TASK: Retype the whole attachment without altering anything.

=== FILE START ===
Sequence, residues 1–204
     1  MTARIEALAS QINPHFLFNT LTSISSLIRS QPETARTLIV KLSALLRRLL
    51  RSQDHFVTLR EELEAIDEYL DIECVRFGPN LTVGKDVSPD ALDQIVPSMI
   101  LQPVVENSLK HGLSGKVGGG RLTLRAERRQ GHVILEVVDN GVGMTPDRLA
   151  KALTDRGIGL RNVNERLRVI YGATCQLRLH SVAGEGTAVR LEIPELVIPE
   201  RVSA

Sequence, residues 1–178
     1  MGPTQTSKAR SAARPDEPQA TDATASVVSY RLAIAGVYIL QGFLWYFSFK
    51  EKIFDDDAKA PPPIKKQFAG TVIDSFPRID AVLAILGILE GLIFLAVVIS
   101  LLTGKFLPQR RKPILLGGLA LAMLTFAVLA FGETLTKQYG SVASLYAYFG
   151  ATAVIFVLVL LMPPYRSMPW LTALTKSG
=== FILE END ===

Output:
Sequence, residues 1–204
     1  MTARIEALAS QINPHFLFNT LTSISSLIRS QPETARTLIV KLSALLRRLL
    51  RSQDHFVTLR EELEAIDEYL DIECVRFGPN LTVGKDVSPD ALDQIVPSMI
   101  LQPVVENSLK HGLSGKVGGG RLTLRAERRQ GHVILEVVDN GVGMTPDRLA
   151  KALTDRGIGL RNVNERLRVI YGATCQLRLH SVAGEGTAVR LEIPELVIPE
   201  RVSA

Sequence, residues 1–178
     1  MGPTQTSKAR SAARPDEPQA TDATASVVSY RLAIAGVYIL QGFLWYFSFK
    51  EKIFDDDAKA PPPIKKQFAG TVIDSFPRID AVLAILGILE GLIFLAVVIS
   101  LLTGKFLPQR RKPILLGGLA LAMLTFAVLA FGETLTKQYG SVASLYAYFG
   151  ATAVIFVLVL LMPPYRSMPW LTALTKSG